Published: 11:45, 21 December 2021
| Updated: 12:22, 21 December 2021
A mental health ward at Maidstone hospital has been given the green light despite one councillor describing the building as “soul destroying”.
The news comes after the Kent and Medway NHS Social Care Partnership Trust (KMPT) were awarded £12.65m to eradicate dormitory style wards for mental health patients.
The new ward will be built specifically for older adults, aged 65 and over, and will replace the last dormitory mental health ward in Kent, the Ruby Ward at the Medway Maritime Hospital in Gillingham.
Another outline application to demolish three other buildings on site was also given approval. In their place a women’s psychiatric ward, a rehabilitation unit, and a section 136 ward (a health based place of safety for mental health patients).
Last Thursday, Maidstone Borough Council’s planning committee stressed the need for a mental health ward in Maidstone, but some councillors were very critical of its design.
One councillor content with the decision was Cllr Peter Holmes who said it was a pleasure to talk about the hospital in his district: “Maidstone is an expanding town with new housing developments but infrastructure needs to come first.
“Mental health in times of Covid is very prominent, and the fact this is for a mental health is brilliant.
“If you look at the style of NHS available for mental health, it is a dormitory style. This is modern and a good facility to have.
“We need to expand the hospital, we need to build the infrastructure that goes with the housing. "I’m very pleased this has come.”
However, Cllr Tony Harwood found the building to be unsightly: “I am very concerned the very utilitarian style of the new blocks and high density is actually detrimental to mental health.
“What we are told all the time is that green space and nature are really important for those with mental health challenges. I don’t think this proposal is there yet.
“I’m sure the planners must feel the same way, I’ve looked at these plans time and time again and keep thinking it’ll be soul destroying having to spend time there.
“Whereas currently it is quite a nice space. I think it requires a lot more trees to be put back and the internal space needs to be a lot less formal.”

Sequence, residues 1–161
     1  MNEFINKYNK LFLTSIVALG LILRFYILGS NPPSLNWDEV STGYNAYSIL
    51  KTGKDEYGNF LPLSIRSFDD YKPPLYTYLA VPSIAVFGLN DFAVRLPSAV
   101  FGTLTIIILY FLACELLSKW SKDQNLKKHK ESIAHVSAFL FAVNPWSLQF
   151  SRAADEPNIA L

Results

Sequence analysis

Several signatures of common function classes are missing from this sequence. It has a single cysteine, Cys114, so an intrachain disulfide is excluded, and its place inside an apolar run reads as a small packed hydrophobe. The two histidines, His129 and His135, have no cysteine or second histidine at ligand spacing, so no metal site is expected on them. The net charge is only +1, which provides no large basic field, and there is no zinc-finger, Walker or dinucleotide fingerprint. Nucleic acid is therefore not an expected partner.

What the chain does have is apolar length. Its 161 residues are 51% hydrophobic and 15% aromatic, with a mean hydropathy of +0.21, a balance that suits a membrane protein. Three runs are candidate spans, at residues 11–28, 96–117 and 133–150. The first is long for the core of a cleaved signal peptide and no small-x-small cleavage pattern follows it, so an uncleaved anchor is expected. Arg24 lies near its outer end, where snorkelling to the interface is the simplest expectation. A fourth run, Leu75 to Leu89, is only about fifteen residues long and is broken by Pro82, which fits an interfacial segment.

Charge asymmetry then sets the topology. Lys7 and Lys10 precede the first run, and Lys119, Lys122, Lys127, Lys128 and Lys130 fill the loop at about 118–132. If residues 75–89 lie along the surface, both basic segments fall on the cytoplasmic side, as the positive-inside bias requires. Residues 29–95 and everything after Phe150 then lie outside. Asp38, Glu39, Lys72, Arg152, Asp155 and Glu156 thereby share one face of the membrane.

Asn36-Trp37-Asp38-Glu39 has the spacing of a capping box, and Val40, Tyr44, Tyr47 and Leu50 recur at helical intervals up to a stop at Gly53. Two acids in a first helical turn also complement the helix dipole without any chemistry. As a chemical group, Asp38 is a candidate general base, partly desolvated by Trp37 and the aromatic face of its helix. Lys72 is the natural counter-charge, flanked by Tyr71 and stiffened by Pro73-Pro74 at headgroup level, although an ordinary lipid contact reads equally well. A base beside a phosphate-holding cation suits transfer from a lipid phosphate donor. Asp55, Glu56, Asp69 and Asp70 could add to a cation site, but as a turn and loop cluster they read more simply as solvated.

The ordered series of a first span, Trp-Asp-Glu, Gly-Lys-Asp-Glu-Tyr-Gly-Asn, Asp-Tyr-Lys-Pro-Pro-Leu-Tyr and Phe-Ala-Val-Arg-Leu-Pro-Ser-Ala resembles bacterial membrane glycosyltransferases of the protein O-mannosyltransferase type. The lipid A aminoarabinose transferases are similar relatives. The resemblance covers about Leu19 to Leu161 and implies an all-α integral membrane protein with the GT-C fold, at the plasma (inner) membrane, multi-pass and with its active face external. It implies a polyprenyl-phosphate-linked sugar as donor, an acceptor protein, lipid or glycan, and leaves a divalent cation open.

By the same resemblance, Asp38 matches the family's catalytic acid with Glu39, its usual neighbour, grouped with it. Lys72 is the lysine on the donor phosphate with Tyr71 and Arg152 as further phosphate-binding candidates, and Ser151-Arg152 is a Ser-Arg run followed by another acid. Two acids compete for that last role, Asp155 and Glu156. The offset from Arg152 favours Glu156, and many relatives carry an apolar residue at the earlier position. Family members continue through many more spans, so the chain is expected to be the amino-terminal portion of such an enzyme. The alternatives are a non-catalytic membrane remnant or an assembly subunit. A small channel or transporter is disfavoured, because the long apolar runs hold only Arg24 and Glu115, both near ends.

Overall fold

Others went further in condemning the architecture, with Cllr Val Springett calling it “functional, horrible and hugely overdeveloped” while Cllr Clive English compared the design unflattering to a Victorian hospital: “There is ample evidence that a building and its surroundings have an impact on people even in large offices, yet alone people who have mental health issues.
“It’s not rocket science to make it look nice. Although the internal conditions were nothing to write home about, some of our 19th century hospitals looked wonderful from the outside.”
Moving the ward from Gillingham to Maidstone has previously proved controversial but the NHS trust hopes it can provide better care in its new unit.
Currently Ruby Ward can only care for 10 patients, despite having 14 beds, and only provides for female patients.
Maidstone’s new ward will include single en-suite rooms, whereas Ruby Ward’s multi-bay layout saw beds separated by curtains.
While it was recognised by a majority of councillors that the design of the hospital wasn’t to their liking, they were acutely aware a mental health ward would be invaluable in Maidstone, and were keen to pass it through if alterations were made.
Cllr Martin Cox claimed councillors didn’t have the “expertise” to judge hospital design, while Cllr Holmes said the ward was an improvement: “We are sat here commenting on a design and members are saying it’s a nice space currently. I live metres from there, I don’t think it is.
“This is a fit for purpose building for the NHS trust they’ve put forward. I do believe that some of the external architecture could be better, but nonetheless it’s a fit for purpose building as a mental health unit.
“Councillor English did say 19th century hospitals were fantastic, I agree, but it is 2021 and there are certain things this design is taking into account.”
Despite disagreement over the design of the ward, approval was granted as planning officers reminded the council a refusal could mean the NHS Trust would lose its funding.
Instead councillors agreed a design code would be put in place on future developments at the hospital, placing an emphasis on the outside architecture and its impact on mental health.